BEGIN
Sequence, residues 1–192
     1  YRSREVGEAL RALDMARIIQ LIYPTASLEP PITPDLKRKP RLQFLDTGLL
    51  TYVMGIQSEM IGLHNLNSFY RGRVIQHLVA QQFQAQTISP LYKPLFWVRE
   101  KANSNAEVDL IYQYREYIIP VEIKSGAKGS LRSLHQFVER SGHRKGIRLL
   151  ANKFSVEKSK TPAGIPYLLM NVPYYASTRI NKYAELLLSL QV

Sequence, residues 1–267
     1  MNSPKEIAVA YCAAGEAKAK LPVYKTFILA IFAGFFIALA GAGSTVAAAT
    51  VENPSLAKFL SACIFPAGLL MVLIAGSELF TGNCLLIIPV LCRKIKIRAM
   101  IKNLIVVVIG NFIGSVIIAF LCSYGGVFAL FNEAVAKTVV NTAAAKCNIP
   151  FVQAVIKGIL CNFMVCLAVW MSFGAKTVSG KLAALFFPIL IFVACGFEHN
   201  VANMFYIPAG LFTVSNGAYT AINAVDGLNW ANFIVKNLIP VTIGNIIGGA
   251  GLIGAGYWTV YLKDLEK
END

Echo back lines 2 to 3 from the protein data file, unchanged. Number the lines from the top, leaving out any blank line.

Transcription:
     1  YRSREVGEAL RALDMARIIQ LIYPTASLEP PITPDLKRKP RLQFLDTGLL
    51  TYVMGIQSEM IGLHNLNSFY RGRVIQHLVA QQFQAQTISP LYKPLFWVRE